I'd like to associate myself with these remarks on Game of Thrones, a television show I am now being semi-reluctantly dragged through after having read the books a few years ago and found them not particularly interesting. Primarily, I agree that the violence and sex are almost wholly gratuitous, and designed to stimulate the prurient interest with little or no redeeming artistic value. Nowhere has this been more evident than in the show's treatment of sexual violence, discussed at length in the article, which regularly crosses the line into horrifying depictions of rape while lacking any didactic framework. If you doubt the strength of that claim, the lengths to which the show's creators and writers went to justify the Cersei-Jaime rape scene as eventually consensual should settle the issue.
I've never had much interest in visual depictions of violence. When I was younger, this was primarily for aesthetic-emotional reasons--it provokes no reaction in me I wish to have.* Now, it's a consequence of having spent most of the last decade studying the various historical instances in which people commit violence against each other. From that, I have learned that the capacity of average people to ignore or overlook the reality and consequences of violence is nearly unlimited, at least in part because the average person, put into the right circumstances, is willing to commit acts of violence for ideology, or even unspecified reasons. Which is to say that it seems to me that all depictions of violence are, by definition, prurient, and must prove themselves to be the opposite, if their motives are indeed good. (I think of Shoah, able to depict the totalizing brutality of the Holocaust without showing or reenacting any of it, because of its justified certainty that we have the capacity to imagine the horror without the assistance of images.)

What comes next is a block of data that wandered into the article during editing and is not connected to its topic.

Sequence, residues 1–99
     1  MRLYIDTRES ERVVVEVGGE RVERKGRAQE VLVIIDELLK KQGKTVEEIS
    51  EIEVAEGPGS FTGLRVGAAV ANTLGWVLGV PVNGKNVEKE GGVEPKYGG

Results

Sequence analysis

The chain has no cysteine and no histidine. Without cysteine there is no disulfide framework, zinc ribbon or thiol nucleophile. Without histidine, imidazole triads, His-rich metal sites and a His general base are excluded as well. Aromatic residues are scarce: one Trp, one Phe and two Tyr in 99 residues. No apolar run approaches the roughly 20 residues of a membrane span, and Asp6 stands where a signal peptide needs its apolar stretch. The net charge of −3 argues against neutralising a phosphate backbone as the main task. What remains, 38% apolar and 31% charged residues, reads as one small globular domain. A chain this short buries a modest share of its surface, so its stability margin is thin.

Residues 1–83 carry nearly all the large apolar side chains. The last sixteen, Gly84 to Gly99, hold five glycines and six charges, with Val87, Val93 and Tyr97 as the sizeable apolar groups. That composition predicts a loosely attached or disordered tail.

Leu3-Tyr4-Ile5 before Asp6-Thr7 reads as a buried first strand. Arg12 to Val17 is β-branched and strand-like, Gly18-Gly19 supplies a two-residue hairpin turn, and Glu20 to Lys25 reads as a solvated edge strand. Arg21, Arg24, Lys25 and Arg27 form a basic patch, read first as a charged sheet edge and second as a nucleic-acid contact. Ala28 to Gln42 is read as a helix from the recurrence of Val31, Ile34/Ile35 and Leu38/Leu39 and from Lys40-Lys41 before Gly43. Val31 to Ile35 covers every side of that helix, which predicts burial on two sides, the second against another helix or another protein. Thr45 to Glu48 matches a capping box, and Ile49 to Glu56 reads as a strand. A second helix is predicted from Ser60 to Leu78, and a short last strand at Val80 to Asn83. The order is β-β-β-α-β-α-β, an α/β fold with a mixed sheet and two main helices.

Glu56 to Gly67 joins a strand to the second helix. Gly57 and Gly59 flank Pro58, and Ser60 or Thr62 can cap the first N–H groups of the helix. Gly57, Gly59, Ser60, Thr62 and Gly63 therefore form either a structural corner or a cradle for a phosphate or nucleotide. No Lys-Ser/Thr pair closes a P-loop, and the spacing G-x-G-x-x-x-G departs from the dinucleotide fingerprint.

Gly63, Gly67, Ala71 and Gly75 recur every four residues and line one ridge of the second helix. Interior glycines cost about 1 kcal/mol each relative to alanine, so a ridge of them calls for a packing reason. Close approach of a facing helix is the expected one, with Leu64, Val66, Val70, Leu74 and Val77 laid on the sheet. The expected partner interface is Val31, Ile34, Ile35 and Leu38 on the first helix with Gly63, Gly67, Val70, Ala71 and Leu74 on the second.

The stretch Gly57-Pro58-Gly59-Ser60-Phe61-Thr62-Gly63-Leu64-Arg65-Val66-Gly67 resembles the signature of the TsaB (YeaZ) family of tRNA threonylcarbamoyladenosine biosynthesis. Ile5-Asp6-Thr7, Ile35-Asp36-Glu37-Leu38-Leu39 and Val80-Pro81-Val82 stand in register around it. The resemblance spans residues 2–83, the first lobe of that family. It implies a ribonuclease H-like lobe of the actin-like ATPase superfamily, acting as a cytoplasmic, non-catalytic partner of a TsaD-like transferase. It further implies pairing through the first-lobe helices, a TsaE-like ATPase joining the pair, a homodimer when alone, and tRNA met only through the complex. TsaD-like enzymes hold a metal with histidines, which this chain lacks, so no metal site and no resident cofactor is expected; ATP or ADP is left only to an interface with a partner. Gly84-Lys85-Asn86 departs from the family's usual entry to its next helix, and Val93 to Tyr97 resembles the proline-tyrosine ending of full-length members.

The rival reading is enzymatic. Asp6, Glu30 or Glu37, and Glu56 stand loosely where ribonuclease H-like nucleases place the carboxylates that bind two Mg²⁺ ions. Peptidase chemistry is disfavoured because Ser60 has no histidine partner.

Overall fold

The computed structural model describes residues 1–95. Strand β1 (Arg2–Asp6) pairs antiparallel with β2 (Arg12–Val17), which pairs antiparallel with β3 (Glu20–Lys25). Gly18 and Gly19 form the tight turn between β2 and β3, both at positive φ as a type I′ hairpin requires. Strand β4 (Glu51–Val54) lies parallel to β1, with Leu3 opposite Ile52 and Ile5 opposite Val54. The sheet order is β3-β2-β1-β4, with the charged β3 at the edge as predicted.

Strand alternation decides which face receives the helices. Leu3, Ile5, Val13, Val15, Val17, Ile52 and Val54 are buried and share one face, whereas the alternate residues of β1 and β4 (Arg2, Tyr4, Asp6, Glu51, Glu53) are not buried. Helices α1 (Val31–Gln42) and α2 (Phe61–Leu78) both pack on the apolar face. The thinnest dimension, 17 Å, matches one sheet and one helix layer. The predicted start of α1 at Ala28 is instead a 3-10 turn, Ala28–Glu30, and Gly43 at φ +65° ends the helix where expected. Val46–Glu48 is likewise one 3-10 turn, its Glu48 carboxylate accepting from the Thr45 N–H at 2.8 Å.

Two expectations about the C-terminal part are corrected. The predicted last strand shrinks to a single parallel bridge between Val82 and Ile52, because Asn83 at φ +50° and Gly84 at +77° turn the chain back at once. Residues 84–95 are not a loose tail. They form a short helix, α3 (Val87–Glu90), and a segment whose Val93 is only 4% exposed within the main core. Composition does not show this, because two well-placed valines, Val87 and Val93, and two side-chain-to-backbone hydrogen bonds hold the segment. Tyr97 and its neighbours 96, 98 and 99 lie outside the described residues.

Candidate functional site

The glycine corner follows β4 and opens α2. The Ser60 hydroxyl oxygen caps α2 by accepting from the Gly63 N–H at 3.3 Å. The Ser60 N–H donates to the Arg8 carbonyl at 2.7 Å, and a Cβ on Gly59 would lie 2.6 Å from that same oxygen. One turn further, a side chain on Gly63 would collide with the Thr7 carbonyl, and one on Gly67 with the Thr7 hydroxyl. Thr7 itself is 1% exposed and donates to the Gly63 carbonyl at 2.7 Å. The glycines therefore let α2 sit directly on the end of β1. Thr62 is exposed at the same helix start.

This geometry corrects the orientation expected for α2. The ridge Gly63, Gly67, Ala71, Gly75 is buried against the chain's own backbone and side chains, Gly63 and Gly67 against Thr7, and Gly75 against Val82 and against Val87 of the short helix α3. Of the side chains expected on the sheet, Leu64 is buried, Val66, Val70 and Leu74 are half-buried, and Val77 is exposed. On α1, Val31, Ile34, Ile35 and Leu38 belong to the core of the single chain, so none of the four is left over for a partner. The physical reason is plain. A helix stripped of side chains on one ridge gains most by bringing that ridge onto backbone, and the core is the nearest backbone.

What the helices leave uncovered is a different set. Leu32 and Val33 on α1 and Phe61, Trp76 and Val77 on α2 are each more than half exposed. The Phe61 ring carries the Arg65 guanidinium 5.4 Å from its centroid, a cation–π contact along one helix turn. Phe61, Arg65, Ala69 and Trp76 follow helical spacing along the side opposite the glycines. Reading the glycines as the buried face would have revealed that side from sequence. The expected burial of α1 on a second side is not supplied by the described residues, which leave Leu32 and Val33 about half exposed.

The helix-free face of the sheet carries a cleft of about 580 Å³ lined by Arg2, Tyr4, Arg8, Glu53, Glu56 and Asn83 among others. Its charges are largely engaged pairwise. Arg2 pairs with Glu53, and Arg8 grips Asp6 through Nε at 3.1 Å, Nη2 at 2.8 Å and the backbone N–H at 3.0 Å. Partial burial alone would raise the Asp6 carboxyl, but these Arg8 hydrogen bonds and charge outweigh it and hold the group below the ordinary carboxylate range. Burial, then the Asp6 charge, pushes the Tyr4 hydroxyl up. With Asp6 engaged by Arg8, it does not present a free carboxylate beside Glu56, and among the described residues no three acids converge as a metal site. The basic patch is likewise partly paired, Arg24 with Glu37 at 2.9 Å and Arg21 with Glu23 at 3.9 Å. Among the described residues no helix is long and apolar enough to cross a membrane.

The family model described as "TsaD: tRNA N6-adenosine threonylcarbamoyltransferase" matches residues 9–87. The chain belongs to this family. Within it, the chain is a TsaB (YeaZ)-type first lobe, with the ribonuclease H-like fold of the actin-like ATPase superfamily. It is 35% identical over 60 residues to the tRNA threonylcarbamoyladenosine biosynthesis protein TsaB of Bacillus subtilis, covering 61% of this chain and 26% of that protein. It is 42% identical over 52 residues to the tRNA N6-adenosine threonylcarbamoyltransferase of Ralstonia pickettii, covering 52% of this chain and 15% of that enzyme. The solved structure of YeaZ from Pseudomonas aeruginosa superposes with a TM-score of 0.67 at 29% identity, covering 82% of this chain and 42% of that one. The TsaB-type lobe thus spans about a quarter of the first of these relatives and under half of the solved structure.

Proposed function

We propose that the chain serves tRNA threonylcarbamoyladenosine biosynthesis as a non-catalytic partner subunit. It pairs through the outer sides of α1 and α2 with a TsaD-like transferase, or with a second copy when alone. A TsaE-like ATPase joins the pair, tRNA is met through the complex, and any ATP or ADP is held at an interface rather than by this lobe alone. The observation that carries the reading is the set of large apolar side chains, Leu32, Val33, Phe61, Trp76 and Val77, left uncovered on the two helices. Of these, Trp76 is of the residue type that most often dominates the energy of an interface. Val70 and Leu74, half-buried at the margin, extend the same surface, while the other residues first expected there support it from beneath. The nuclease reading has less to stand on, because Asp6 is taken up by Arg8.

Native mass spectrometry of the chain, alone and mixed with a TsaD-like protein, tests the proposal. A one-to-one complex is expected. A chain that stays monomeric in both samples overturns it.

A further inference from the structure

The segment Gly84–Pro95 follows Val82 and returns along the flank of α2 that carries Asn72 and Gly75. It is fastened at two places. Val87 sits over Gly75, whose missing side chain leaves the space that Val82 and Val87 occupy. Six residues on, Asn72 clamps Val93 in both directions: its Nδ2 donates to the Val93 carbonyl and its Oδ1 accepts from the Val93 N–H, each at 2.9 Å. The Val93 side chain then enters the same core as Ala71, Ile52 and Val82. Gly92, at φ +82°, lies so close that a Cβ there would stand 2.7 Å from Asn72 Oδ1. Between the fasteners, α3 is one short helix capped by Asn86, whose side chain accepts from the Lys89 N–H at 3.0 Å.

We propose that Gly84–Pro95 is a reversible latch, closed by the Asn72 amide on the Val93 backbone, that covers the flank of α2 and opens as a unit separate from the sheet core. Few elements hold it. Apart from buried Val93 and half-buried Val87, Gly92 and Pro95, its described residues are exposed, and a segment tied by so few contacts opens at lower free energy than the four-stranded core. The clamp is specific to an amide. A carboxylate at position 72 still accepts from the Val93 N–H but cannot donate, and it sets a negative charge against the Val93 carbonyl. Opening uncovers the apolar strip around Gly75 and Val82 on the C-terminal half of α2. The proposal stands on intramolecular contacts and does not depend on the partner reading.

Satire or commentary on violence is incredibly difficult to pull off; the evident examples--RoboCop, for one--themselves walk the line. If you find the violence of Murphy's near death 'funny' or 'awesome,' then the movie explicitly associates you with the bad guys, for whom such violence is weightless. But even here the excessiveness of the violence has the edge of people including it in the movie because they think it looks cool. It's difficult to walk only and always on the correct side of the line.
* Nick Hornby's most insightful moment comes when writing about a review of the band Suicide that referred to one of their songs as "like a shot to the head." As a young person, he found that to be a selling point, but with some reflection, he wonders how that could possibly be read as an endorsement, and allows himself to imagine how someone who returned from the Battle of the Somme would interpret it.
But then, one of the ur-stories in the Troester family mythos is of my great uncle, who fought in WWII, and once found himself at a VFW listening to a man bragging about all the Nazis he had killed. My great uncle told him to shut up: "if you'd actually killed a man, you wouldn't talk about it like that."